Cisco (NASDAQ:CSCO), while not exactly a household name, is a highly respected American technology company. With a $150 billion market cap, including a 9.5% increase in 2016, CSCO is 34th largest public company. The company's stock price has increased 58.5% in the last five years, which is somewhat surprising given a relatively flat top line (and cash flow).
Since November 8 (immediately prior to the US election), CSCO has underperformed the S&P 500 by more than 6%, declining 3.5%. The DJIA (NYSEARCA:DIA), of which CSCO is a component, was up 4.2% during the same period.
(Source: Yahoo Finance)
While the market as a whole, including "traditional" tech companies such as IBM Corp. (NYSE:IBM), has increased post-election, CSCO is one of the few companies that have materially sold off. While 12x forward P/E certainly does not imply a rich multiple (in line with that of IBM and higher than Apple's (NASDAQ:AAPL)), investors need to be cognizant of the risks the Trump presidency will/may hold for CSCO. The company's estimates have partially reflected these risks, with forward estimates down $0.07/share in the last 90 days. However, as 2016 estimates dropped $0.06/share over the same time period (CSCO guided next quarter to $0.56/share, down from then consensus view of $0.59/share), the decrease is likely more highly correlated with current challenges than future risks.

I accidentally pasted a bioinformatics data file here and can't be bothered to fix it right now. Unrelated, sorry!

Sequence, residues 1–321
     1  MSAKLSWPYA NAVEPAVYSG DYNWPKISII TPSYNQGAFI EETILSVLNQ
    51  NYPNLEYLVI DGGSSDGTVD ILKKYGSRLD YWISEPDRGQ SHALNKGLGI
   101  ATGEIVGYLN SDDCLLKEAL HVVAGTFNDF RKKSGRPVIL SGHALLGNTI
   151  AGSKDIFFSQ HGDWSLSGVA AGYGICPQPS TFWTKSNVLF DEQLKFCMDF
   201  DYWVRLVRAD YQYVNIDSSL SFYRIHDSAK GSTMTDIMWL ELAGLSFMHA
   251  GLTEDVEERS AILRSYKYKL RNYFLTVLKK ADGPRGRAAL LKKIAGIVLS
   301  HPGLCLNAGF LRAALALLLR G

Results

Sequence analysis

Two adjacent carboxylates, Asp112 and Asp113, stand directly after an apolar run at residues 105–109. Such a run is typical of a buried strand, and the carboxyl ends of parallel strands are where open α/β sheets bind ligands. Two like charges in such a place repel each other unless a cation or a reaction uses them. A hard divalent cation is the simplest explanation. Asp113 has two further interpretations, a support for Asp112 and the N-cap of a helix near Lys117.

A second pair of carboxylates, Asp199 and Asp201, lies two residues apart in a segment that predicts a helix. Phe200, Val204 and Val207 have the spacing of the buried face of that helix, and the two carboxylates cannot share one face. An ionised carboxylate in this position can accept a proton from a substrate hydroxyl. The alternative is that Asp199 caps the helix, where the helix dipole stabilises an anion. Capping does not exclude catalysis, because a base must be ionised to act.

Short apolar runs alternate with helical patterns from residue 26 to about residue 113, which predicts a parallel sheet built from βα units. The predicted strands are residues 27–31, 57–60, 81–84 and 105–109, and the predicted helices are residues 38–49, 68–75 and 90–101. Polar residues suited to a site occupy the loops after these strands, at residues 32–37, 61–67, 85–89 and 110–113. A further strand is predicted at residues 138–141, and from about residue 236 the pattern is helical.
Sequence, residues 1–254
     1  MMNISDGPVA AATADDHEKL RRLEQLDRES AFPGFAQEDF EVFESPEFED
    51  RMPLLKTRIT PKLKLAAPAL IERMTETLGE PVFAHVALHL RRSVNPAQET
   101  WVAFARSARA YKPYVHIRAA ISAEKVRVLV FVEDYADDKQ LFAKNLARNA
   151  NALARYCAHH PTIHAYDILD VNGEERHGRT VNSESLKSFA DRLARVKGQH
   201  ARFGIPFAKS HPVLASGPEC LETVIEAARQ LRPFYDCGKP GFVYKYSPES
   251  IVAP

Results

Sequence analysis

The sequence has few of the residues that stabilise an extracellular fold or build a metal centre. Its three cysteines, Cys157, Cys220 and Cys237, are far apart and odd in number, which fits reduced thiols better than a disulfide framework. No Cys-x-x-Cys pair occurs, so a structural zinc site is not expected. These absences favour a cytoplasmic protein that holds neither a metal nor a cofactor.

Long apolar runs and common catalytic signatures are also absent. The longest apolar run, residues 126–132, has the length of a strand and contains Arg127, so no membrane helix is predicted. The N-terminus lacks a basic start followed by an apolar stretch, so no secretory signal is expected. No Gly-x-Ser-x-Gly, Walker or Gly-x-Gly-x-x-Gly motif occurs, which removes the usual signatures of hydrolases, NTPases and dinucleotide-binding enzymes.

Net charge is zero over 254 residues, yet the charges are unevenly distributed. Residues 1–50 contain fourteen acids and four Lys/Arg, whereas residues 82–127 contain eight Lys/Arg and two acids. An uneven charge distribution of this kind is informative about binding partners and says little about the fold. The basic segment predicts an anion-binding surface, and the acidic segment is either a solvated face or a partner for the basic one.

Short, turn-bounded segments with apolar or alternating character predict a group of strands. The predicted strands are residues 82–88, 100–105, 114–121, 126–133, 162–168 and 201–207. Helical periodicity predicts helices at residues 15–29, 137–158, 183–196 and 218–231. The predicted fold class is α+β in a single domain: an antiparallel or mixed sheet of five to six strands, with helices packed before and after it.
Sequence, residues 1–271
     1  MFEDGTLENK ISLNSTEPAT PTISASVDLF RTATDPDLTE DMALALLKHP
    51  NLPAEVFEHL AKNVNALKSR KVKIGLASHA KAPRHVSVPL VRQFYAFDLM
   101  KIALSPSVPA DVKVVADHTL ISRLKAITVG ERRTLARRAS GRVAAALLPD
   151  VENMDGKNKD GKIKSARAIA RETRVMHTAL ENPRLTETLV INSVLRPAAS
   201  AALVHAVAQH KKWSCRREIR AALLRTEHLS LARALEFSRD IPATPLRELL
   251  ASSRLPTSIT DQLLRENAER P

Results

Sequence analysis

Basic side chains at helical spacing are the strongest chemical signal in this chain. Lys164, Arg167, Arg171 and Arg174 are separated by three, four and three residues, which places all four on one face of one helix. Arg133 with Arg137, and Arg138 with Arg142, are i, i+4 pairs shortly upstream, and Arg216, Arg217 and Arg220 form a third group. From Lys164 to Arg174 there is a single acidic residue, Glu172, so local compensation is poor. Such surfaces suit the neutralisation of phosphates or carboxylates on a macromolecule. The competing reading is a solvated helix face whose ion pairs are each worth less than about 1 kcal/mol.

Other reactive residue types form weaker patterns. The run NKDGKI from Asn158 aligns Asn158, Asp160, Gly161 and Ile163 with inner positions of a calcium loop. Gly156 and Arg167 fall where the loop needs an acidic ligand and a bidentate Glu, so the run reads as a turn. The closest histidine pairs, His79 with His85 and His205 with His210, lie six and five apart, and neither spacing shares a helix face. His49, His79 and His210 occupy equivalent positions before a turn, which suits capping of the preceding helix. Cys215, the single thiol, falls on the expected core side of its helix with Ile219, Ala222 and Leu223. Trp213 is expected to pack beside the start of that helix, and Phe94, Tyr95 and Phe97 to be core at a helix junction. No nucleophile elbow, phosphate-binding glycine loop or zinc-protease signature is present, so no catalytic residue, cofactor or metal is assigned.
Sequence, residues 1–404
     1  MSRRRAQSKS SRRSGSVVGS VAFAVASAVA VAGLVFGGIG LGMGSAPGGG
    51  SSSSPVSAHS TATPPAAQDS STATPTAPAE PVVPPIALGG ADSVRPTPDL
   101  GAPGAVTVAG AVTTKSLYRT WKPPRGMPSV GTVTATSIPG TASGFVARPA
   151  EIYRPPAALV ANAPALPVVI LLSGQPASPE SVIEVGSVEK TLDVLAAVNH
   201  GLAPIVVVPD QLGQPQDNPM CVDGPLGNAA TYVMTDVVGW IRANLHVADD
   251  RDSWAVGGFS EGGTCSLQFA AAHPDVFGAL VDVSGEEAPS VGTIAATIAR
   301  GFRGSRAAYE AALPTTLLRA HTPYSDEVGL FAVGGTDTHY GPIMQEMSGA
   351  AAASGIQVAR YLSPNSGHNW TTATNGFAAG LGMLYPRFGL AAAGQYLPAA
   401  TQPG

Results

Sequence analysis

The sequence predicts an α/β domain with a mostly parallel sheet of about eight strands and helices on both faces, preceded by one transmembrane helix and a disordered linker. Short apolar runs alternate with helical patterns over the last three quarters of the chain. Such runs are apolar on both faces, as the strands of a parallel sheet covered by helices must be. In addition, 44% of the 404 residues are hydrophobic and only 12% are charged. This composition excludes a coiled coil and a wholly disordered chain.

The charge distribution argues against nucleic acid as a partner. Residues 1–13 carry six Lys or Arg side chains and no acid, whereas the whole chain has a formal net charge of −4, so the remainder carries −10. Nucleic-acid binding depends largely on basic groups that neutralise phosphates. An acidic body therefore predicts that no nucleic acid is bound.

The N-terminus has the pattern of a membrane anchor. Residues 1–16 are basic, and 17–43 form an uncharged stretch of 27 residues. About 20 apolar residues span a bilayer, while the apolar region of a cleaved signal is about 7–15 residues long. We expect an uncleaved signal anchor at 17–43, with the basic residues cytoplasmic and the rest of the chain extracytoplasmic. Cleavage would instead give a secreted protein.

Trade Barriers and Tariffs
President-elect Trump's campaign platform loudly called for tariffs and competitive retaliation against both countries and companies. In 2016, CSCO is deriving over 40% of its sales revenue (and a similar percentage of margin) from outside the US. As the market for routers/switches matures, the company's growth had been expected to come from Asia-Pacific markets (15% of sales) like China and Japan. President-elect Trump has vowed to name China a "currency manipulator" and has threatened to impose 45% tariffs on imports from the country. China would almost certainly retaliate against the US in general, as well as against iconic brands like Apple (NASDAQ:AAPL), Boeing (NYSE:BA) and CSCO. The China Times, as reported in HotHardware.com, noted, "China is willing to use the nuclear option with regards to trade... a batch of Boeing orders will be replaced by Airbus... US auto and iPhone sales in China will suffer a setback." These are not idle threats. In 2014, amid charges of hacking, China retaliated against Cisco.